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The Law Blogger is a law-related blog that informs and discusses current matters of legal interest to readers of The Oakland Press and to consumers of legal services in the community. We hope readers will  find it entertaining but also informative. The Law Blogger does not, however, impart legal advice, as only attorneys are licensed to provide legal counsel.
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Monday, April 27, 2015

Lawyer Expands Twitter Defamation Claims

Attorney Todd Levitt
Mt. Pleasant lawyer Todd Levitt has sued a local newspaper, a reporter, and its parent company for defamation [libel and slander], false light and other torts. The 19-page complaint, coming on the heels of the trial court's dismissal of Levitt's separate defamation suit against other defendants, contains 147 allegations spread across eleven counts.

Interestingly, the new defamation lawsuit also names the opposing counsel in the first case as well as two professors who teach in Central Michigan University's College of Business Administration.  For his part, opposing counsel has filed a grievance against Levitt.

Mr. Levitt became a plaintiff litigant when a student at CMU allegedly adopted Levitt's business and law firm persona in a fake Twitter account and began emanating a series of tweets that Levitt says were designed to defame, embarrass and harass.  This time last year, the complaint asserts, Levitt had 4500 followers [no easy feat] and was employed as an adjunct professor at CMU.

Last year, Levitt sued the CMU student but the defamation suit was tossed by the trial court and is now on appeal. We blogged about that case in this post.

Levitt has appealed the trial judge's order granting the tweeting student's motion for summary disposition on the basis that for over two months, the student's false Twitter persona gave no indication whatsoever that it was a parody and that the student intended to cause harm to Levitt's law practice through his micro-blog posts.

In the new case, Levitt is claiming that the local newspaper, Mt. Pleasant's Morning Sun, along with one of its reporters and the parent company, tortiously covered his battle with the Tweeting CMU student by intentionally [or recklessly] making misrepresentations about Levitt. Specifically, the complaint attacks one front-page headline that trumpets that Levitt made up a false award -Top College Lawyer- in order to enhance his electronic profile.

There are many many other examples set forth in the complaint. Fellow CMU business professors and adjunct instructors have a separate set of allegations reserved for their purported misdeeds.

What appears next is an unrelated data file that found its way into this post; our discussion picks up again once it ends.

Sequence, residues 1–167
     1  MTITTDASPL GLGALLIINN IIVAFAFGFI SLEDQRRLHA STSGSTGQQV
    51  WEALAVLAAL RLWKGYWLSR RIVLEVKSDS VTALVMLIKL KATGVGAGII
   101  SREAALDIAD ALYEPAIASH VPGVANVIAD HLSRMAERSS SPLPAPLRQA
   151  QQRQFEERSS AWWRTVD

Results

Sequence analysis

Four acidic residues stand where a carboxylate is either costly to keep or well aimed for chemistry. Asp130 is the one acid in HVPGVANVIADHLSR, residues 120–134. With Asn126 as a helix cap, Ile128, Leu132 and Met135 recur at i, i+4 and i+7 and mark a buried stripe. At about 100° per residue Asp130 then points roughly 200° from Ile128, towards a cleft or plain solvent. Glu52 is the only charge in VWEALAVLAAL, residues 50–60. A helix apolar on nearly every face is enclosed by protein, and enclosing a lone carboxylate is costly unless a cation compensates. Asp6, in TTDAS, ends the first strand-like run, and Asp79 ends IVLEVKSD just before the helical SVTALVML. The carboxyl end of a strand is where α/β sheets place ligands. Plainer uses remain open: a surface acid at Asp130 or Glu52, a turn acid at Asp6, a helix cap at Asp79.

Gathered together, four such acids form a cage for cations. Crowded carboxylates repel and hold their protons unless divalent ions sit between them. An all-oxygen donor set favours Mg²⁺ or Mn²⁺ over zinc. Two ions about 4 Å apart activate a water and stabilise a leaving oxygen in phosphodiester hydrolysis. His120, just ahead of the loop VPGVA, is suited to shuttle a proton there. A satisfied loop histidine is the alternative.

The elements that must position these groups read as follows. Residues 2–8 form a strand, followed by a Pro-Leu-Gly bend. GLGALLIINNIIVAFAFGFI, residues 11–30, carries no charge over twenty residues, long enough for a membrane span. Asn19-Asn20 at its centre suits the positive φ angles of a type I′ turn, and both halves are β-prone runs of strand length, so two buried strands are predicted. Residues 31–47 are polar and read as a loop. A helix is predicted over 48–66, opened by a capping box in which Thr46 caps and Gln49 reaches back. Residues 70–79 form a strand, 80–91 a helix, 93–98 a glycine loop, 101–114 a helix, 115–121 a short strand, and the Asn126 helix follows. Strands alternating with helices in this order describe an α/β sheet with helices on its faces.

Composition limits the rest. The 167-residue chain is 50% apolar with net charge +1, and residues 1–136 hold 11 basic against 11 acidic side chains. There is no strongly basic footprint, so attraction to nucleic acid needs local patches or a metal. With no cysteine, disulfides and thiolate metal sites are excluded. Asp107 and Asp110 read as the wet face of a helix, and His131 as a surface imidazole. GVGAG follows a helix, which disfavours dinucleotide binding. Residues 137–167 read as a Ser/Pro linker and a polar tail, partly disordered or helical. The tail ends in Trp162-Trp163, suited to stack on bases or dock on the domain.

We shall see where all of this goes; what a messy brawl.  If Levitt prevails in his tort case, it will definitely establish limits to what can be posted about a business on social media.

Meanwhile, Scribd, Volokh Conspiracy via the Washington Post, the ABA Journal, and even named defendant Morning Sun have all started following and reporting on this dispute as it involves the juicy intersection between social media and defamation. So stay tuned for updates and analysis as this case unfolds over the next few years.

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4 Comments:

Anonymous Mark Torgeson said...

Looked up the Todd Levitt twitter parody and am not sure how one can argue there was "no indication whatsoever" it was a parody when the very first posting (dated April 15, 2014) reads: "The best Todd Levitt parody account has returned!"

May 3, 2015 at 3:39 PM 
Blogger Timothy P. Flynn said...

Mark, the words, "has returned" implies that prior tweets predate what you describe as the "very first posting." Sorry, but we're not convinced by your argument. Your post actually supports the Plaintiff was getting dogged-out prior to this so-called "very first post". According to Plaintiff, it was done in a manner that had no indication the account was a parody. In fact, the Plaintiff hopes to argue to the Court of Appeals that proofs submitted to the trial court were sufficient to demonstrate that his business identity was hacked from whole cloth. If he can persuade them, then the case gets remanded and Levitt's actionable claim proceeds.

May 3, 2015 at 11:03 PM 
Anonymous Mark Torgeson said...

Can you direct me to earlier tweets? I didn't see any admitted as evidence in Scribd prior to April 15.
I'm slated to teach a Social Media Law class this fall and may include this case but would prefer it to be meritable and not the he-said-she-said it appears.

May 4, 2015 at 9:44 AM 
Blogger Timothy P. Flynn said...

No, we are mere commentators on cases we find interesting and possibly useful to our client prospects; you'll have to do your own homework on that. Our source for making the assertion comes from the Plaintiff-lawyer himself. He'll probably be glad to discuss his case(s) with you if you contacted him; he's in the book and easy to find. Or just Google him...

May 4, 2015 at 10:06 AM 

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